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Search Results for: euthanasia – Page 4

With the recent passing of Judge John T. Noonan, Jr., Americans would do well to honor and remember his example of respectful engagement over fundamental moral issues.
The more you minimize the value of humanity itself, the less you will be capable of understanding our fundamental rights, the meaning of our bodies, and the gift of sexuality.
Let us hope that, in his answers and in his future jurisprudence, Neil Gorsuch looks to the example of the Great Chief Justice and sees the Constitution as ruler, the natural law as guide.
Neil Gorsuch’s book on assisted suicide highlights the danger of judges who rely on the legal and philosophical principle of radical autonomy to legislate from the bench.
DC’s assisted suicide bill is the most expansive and dangerous our country has yet seen.
Supporting markets as the economic arrangements most likely to help promote human flourishing doesn’t necessarily mean you accept libertarian philosophical premises.
There is dignity in living and dignity in dying, because the concept of “dignity” is inseparable from our humanity. Even when our autonomy is lost, all people can still undergo suffering and death with a noble and dignified serenity.
Politicians should return to the common-denominator universal ethical values embraced by Judaism, Christianity, and Islam.
Voting always requires a weighing of consequences. The paramount question for the conscientious voter in 2016 is, “Which outcome among the feasible alternatives will promote the greatest good or prevent the greatest harm?”
A playbook exists for reversing the slide toward death on demand. It’s time to use Compassion & Choices’ tactics against it.
John Rawls’s philosophy of jurisprudence permeates America’s top universities and law schools. The acceptance of his principles foreordained the Supreme Court’s decision on same-sex marriage and will do the same in future cases involving euthanasia, transgender rights, and polygamy. Part one of two.
A new film in which the main character commits suicide sends the message that “me and my needs come before you and your needs.” It is a tale of autonomy run amok—a result of the radical and ludicrous idea that we do not live connected to, dependent on, or in relationship with others.
The bitterness of competing narratives in today’s culture wars can give the impression that no agreement is possible between opposing sides. Margaret Somerville proposes a way forward through a shared ethic of wonder at the mystery and dignity of human life.
Despite its naysayers, the original Hippocratic oath remains an enduring icon of medical ethics because it eschews the unbound and nebulous principles of modern bioethics in favor of traditional virtues and transcendent truths.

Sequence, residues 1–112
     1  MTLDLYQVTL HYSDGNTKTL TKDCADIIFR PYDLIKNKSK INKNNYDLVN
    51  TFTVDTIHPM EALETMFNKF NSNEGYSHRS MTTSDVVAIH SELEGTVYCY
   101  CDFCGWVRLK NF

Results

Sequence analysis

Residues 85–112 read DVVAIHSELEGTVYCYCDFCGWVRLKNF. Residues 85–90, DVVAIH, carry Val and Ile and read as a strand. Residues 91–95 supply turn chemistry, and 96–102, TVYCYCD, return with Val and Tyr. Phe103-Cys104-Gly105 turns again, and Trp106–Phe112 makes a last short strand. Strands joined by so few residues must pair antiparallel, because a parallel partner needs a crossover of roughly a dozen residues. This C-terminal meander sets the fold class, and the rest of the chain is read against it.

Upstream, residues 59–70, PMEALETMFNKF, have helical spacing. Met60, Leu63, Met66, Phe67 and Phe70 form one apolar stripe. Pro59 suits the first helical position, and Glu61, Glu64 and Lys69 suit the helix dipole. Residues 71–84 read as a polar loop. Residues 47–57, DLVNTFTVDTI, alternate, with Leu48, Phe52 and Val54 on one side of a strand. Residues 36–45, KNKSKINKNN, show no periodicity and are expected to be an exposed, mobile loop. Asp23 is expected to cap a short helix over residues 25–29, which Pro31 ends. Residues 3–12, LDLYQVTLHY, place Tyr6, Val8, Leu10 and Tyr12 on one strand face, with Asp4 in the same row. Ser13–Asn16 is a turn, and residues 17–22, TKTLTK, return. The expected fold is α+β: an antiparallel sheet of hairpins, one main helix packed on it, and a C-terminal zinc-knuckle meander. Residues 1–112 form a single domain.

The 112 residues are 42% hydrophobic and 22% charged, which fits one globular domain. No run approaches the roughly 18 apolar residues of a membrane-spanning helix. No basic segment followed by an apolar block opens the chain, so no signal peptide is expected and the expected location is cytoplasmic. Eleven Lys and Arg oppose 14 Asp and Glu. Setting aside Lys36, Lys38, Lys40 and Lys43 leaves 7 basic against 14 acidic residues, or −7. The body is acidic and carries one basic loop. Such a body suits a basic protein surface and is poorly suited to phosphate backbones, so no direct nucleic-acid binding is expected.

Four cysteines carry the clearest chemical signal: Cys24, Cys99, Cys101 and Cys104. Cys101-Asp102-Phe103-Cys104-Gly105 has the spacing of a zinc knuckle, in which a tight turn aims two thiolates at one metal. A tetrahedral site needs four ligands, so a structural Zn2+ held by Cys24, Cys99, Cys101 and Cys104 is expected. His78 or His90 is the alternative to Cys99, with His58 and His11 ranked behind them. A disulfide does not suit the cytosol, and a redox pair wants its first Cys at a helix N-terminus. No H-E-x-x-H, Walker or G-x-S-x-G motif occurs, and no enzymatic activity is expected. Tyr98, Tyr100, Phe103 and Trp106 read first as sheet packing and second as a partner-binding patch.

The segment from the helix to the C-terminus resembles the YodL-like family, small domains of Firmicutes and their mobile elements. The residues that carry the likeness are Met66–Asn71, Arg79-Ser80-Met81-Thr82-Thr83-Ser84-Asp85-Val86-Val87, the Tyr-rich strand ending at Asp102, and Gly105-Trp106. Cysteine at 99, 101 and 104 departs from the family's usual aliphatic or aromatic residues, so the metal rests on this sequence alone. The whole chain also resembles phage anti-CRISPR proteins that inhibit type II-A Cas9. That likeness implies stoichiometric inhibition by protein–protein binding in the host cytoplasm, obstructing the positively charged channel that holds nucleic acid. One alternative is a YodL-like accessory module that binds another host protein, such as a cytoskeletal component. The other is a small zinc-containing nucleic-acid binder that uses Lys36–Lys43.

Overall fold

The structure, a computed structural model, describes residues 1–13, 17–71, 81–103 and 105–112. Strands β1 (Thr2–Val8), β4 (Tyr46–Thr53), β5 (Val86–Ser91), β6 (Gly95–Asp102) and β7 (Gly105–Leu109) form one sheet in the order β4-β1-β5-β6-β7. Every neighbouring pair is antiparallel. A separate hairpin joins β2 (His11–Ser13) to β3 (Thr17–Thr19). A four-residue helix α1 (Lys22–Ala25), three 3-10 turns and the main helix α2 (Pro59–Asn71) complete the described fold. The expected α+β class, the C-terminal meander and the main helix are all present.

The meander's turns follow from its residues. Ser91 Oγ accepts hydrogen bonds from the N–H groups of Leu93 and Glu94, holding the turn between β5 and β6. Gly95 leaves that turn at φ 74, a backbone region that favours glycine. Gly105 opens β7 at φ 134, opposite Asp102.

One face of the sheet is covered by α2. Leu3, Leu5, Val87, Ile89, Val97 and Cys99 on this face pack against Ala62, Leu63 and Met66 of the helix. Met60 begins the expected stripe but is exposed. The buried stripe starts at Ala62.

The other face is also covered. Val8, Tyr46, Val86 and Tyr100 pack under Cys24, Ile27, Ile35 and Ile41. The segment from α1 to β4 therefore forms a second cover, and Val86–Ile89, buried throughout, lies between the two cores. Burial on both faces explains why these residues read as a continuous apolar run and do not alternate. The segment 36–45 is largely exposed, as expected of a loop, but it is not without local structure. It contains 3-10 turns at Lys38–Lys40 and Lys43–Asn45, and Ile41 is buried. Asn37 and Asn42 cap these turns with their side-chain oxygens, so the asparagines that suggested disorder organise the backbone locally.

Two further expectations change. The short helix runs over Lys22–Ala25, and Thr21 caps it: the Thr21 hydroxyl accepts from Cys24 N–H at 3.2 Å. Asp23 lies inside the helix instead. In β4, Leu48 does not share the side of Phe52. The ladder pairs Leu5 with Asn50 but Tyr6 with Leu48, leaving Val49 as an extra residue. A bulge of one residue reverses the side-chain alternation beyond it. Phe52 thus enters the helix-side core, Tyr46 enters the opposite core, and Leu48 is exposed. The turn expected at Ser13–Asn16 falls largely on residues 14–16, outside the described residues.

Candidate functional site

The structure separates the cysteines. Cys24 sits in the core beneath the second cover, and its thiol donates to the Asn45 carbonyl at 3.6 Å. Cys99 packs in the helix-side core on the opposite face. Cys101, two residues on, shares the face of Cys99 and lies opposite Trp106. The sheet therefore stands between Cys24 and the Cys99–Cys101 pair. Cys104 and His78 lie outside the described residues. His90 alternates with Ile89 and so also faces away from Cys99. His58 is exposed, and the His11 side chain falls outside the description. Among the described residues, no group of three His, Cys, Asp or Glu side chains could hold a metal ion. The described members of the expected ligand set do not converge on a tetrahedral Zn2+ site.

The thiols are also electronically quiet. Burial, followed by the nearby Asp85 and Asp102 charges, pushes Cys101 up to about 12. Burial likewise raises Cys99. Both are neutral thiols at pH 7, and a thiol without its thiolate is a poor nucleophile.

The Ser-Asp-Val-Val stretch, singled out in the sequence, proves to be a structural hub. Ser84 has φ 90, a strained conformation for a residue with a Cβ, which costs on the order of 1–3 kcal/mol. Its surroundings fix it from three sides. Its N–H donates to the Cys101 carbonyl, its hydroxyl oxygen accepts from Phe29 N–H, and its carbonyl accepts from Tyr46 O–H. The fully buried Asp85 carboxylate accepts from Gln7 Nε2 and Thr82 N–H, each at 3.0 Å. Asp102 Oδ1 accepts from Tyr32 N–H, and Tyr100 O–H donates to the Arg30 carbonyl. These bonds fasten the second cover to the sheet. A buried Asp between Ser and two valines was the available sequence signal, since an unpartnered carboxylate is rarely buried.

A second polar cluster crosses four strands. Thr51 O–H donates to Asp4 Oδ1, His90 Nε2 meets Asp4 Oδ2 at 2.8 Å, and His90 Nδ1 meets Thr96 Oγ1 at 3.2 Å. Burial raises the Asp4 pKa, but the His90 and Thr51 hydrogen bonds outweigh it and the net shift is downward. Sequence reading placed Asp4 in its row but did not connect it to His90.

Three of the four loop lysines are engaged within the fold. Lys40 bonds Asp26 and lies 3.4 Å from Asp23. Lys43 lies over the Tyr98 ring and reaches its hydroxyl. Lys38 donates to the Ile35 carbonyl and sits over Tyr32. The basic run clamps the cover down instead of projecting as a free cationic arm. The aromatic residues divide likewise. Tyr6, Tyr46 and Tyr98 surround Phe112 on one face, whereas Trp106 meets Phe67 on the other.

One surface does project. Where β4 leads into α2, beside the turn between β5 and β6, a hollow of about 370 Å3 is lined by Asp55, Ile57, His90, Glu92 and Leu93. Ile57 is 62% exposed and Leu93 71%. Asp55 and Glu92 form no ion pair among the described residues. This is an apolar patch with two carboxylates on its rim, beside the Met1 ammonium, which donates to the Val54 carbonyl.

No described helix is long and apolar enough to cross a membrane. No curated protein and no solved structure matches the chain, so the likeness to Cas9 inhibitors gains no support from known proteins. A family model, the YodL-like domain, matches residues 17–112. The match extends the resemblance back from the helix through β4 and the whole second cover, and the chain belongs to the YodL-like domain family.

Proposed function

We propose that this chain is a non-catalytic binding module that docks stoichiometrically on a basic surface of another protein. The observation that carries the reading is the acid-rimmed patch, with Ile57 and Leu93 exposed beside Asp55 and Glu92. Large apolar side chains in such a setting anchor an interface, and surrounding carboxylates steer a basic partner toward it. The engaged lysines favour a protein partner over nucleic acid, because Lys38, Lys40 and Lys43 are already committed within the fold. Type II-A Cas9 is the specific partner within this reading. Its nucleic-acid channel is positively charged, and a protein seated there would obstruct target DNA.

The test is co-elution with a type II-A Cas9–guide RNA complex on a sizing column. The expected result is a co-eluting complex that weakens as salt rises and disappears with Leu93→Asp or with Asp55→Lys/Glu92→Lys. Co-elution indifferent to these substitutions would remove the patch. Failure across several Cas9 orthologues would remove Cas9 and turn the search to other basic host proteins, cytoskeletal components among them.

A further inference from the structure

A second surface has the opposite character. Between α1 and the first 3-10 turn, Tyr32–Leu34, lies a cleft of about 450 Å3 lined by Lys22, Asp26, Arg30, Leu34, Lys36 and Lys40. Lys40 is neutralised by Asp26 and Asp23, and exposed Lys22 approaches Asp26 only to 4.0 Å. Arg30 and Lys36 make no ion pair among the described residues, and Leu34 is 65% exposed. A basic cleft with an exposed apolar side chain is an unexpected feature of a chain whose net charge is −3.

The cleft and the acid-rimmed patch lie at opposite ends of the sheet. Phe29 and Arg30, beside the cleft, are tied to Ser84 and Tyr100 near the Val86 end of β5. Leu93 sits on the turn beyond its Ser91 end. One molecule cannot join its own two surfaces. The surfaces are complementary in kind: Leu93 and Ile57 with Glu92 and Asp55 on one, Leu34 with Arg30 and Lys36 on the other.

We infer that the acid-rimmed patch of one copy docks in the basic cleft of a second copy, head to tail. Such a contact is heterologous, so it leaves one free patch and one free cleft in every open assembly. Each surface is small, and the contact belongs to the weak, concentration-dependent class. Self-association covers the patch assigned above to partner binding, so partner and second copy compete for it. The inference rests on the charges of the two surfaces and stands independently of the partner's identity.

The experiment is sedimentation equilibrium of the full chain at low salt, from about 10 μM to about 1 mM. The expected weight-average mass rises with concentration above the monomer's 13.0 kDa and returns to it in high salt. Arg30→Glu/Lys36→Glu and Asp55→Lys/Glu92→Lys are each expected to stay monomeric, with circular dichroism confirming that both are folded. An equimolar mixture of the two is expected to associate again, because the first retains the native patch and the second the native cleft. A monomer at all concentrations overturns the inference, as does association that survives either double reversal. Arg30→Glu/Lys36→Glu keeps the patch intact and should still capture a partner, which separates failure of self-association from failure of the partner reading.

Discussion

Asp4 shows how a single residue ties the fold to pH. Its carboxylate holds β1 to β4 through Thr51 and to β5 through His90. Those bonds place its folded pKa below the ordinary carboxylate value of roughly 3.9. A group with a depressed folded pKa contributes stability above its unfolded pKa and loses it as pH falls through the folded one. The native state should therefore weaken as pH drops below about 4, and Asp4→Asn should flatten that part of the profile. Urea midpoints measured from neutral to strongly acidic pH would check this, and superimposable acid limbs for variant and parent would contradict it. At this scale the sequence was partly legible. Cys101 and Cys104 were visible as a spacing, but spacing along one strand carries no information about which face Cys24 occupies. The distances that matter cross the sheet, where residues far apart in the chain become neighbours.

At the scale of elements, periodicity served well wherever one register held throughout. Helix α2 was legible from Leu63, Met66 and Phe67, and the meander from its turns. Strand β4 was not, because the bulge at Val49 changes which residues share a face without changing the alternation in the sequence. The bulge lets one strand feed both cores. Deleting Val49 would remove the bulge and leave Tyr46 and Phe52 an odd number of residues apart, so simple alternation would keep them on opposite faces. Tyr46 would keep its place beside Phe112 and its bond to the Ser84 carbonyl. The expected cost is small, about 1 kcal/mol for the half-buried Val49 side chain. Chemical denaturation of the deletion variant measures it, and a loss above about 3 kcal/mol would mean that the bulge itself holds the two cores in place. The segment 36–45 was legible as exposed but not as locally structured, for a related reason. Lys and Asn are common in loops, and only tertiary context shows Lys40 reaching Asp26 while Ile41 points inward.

A new book written from a liberal humanist perspective provides insight for conservatives who want to make a more broadly compelling case against euthanasia. It also suggests a basis for an effective coalition between liberals and conservatives.
Democracy and common sense teach us to seek the truth by listening to one another. If we will not even provide a room for people who want to talk with one another because we do not like what they say, then democracy is impossible.
In a world with no clear origin, no purposeful end, and no intrinsic meaning, human dignity is founded on nothing more than a self-creating will to power that is, in the last analysis, self-destructive.
A superb collection of essays engages, challenges, and praises the work of the formidable John Finnis. Always acute in mental power, Finnis is also at turns witty and profound.
The individualism required by a society of autonomy shuts down love, dependence, and self-sacrifice. To extinguish grief, we are told, we must extinguish the grieving.
There are often great temptations to violate the absolute norms against intentional killing and against lying. On the anniversary of the dropping of the atomic bombs over Japan, we should remember what is at stake in such decisions and how agents constitute themselves in their choosing.
None of us can stop surrogacy on our own. I’m pro-choice and support extending legal marriage to include same-sex couples, but I know that if we are to succeed in ending the exploitation and abuse that comes with surrogacy, we must work with others with whom we may have vehement disagreements.
To engage and shape the culture, we must understand the power of storytelling—and respect its limits.
We cannot address the unraveling of our culture without addressing the consequences of contraception and abortion. We must rightly understand the relationships between love, truth, freedom, and justice.
Most Americans are probably not aware that the push to create a right to assisted suicide is an international effort. The Canadian Supreme Court has just ruled that parliament must enact laws allowing assisted suicide.